Song painting in the Litang style illustrating the theme “Confucianism, Taoism and Buddhism are one”.

It depicts “Taoist Lu Xiujing (left), official Tao Hongjing (right) and buddhist monk Huiyuan (center, founder of Pure Land Buddhism) by the Tiger stream. The stream borders a zone infested by tigers that they just crossed without fear, engrossed as they were in their discussion. Realising what they just did, they laugh together, hence the name of the picture,Three laughing men by the Tiger stream.” Source: WIKIPEDIA

Also worth noting is that religions were not split by class in China with Daoism being the stuff of the country folk. Emperors were Daoist, Daoist priests were at court performing ceremonies to keep the country in harmony while farmers followed the paths of Confucian thought and family structure. Over these years Daoism gave rise to many of the things we take as Chinese, such as Tai Chi, the Ying Yang symbol and speaking like Master Yoda. Chan Buddhism (heavily influenced by Daoism) was practiced in such places as the famous Song monastry of Shaolin, but after much persecution moved on to Japan, and became Zen Buddhism.

One of the ways of “getting” Daoism is to “get” Zen Buddhism as they have heavily influenced each other.

Eventually, Daoism and Confucianism met with the unstoppable force of Maoism and were both sublimed and crushed in equal measure. The Maoist revolutionaries knew that they could never totally eradicate Daoism as it contains a large amount of “folk” belief that resides in the cultural psyche and so they selected a particular form of it and put the governmental stamp on it.

That is an incredibly short version of the history of Daoism. What I hope it highlights is that Daoism is a little strange for a religion:

  • It has had gods and deities at some times and not at others.
  • It has been an immortality cult for while and contained shamanistic magic at others.
  • It has “borrowed” from Buddhism, but also given back to the middle path.
  • It has had celibate priests in the heart of empire and yet has had sexual magic practiced in the mountains.
  • It has two main books translated into English, but neither author knew about the other, neither would label themselves as Daoist and at least one of them is legendary.

I can appreciate the problems in trying to understand such a changing and seemingly constantly moving target! Western intellectuals have worked hard for hundreds of years to try to bring the wisdom in Daoism under their command. The traditional method of doing so is the finding of commonalities amongst the various beliefs. After all, no matter how many strange and diverse Christian sects exist; they all believe in Jesus as the Saviour; that is what makes them Christian. It is what gives them their religious comfort. Daoism is eventually just as comforting, but given the five contradicting points above this is not an easy exercise.

The trick is to realise that these actions are an attempt to “express” the Dao, but there is no “true way”, indeed anyone claiming to have one is always false. For this reason, Daoism has at its heart the understanding that everything is relative.

Relation to Buddhism.

Another method, and one expounded by such philosophers as Alan Watts, was to not only draw a line between the various “Daoisms” of antiquity, but to highlight by reference to the religion it most heavily influenced; Zen.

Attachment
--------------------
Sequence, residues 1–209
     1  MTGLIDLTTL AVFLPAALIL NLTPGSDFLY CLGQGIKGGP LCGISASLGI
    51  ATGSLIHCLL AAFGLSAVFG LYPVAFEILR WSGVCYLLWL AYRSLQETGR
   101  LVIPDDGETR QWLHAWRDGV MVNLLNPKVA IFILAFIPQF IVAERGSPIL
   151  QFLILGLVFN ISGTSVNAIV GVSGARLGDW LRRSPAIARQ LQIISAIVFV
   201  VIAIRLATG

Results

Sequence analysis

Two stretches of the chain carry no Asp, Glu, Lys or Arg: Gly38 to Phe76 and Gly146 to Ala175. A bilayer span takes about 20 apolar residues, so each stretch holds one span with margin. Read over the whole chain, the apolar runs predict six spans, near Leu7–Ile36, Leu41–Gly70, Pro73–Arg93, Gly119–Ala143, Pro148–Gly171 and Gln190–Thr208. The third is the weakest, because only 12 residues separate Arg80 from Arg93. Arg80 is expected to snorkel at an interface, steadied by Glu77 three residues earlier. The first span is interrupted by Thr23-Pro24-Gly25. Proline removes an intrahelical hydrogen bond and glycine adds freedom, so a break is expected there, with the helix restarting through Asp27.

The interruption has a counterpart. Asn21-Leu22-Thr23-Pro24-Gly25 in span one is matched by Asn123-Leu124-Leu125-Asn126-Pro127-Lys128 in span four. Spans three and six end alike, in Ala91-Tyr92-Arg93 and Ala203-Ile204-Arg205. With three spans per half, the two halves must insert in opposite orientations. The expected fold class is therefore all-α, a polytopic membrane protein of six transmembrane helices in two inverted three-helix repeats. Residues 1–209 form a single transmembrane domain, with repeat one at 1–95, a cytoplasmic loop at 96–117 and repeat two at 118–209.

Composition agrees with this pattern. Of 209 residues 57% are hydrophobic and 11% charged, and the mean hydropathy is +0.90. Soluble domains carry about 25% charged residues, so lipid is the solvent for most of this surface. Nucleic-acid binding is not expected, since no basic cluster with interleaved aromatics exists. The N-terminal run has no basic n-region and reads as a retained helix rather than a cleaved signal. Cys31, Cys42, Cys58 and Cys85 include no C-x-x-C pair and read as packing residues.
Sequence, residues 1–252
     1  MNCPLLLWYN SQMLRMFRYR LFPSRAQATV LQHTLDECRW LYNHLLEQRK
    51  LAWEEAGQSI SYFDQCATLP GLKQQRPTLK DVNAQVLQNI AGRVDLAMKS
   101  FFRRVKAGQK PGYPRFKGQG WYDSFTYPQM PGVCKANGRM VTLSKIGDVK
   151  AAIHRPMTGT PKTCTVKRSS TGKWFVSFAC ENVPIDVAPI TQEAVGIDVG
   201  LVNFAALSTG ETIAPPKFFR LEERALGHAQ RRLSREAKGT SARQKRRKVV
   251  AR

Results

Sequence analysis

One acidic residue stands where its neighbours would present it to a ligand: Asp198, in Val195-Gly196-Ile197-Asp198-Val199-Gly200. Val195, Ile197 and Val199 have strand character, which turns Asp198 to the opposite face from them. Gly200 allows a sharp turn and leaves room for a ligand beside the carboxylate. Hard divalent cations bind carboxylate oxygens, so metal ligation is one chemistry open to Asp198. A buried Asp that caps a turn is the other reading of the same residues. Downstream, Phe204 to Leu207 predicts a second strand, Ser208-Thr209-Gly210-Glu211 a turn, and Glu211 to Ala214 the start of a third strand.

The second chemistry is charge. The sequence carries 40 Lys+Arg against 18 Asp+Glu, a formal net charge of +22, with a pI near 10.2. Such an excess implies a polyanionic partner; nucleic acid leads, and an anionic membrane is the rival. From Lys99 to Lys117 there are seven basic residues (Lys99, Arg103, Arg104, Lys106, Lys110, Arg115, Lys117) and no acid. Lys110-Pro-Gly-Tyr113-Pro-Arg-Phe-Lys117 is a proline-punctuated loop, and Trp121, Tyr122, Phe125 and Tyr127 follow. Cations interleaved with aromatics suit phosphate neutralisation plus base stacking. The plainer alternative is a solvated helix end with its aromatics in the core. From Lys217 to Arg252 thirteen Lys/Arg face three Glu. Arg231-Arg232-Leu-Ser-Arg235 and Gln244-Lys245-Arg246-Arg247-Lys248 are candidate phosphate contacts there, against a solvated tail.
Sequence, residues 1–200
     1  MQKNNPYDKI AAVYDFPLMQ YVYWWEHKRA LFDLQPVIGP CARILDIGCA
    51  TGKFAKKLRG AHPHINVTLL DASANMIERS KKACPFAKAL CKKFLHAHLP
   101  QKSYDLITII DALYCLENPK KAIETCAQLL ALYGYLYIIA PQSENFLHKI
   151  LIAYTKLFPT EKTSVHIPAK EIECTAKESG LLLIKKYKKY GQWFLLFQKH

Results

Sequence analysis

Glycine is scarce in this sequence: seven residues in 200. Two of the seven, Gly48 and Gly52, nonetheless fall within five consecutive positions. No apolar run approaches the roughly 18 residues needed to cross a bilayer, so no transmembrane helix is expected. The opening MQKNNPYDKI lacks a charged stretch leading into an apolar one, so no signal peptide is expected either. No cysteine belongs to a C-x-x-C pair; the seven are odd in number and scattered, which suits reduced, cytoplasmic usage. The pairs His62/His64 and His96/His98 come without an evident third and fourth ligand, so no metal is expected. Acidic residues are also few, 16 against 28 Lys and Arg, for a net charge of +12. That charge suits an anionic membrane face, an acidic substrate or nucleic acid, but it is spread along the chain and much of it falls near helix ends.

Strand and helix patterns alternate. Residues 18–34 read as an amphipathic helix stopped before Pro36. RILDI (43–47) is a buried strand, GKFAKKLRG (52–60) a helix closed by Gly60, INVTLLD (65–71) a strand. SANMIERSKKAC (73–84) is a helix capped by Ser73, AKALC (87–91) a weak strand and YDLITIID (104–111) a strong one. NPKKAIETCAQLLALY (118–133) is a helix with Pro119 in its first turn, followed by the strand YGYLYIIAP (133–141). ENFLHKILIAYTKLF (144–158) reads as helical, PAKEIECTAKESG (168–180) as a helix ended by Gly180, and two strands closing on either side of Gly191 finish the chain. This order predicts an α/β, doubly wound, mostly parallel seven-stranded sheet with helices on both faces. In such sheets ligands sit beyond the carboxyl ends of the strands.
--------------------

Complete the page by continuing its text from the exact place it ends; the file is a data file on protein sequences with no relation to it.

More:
One of the main ways in teaching Zen is through the master ignoring his students. Often the master will reject a new applicant outright and in such a forthright way that the student will give up there and then. “I have nothing to teach you,” the master will say. The pupil will, if he is earnest, persevere with the master and many stories and legends abound regarding this strange situation and how various adherents have dealt with it. The most famous story is told of the Indian Zen Master Bodhidharma, who rejected a pupil again and again until finally the pupil cut off his arm and demanded an audience. The great master agreed to meet with the pupil and took him under his wing.

This story only makes sense to Western eyes in that we know that one must strive to understand and that one must show commitment and diligence. Actually there is a secret here:

The Master truly had nothing to teach.

Zen is about coming to your own realisation. It takes a lot of time and work and the master will help you, although not in a way you might appreciate. Should he accept you as a student then don’t expect to receive anything that could be construed as an “answer” to Zen. That is, don’t presume that Zen has esoteric knowledge and concerned only with moving through stages of learning. In fact, the most similar western experience to Zen training is probably Army Drill School. The army takes in “normal” people and turns them into killers; people with the will to kill. This is not easy. They do this by working you physically until you drop, regimenting your life and stripping you of your identity until you can be mentally reprogrammed. Zen is similar to this, but instead of forming you into a killing machine the Zen master strips you of your illusions, pares your personality down to its core and then makes you look at yourself. He does this by forcing you to answer impossible riddles, making you work in the fields, attend very very long ceremonies and hitting you with a stick if you are not meditating properly (or even if you are). This effort can take a lifetime, but finally you break the distinction between body and mind, between self and universe and wake up. You realise that the personality you hold so dear, that special “me” you think is yourself, it is a blank sheet of paper with no writing on it. It is not there at all. You are not apart from this Universe at all.

Zen is a form of psychoanalysis!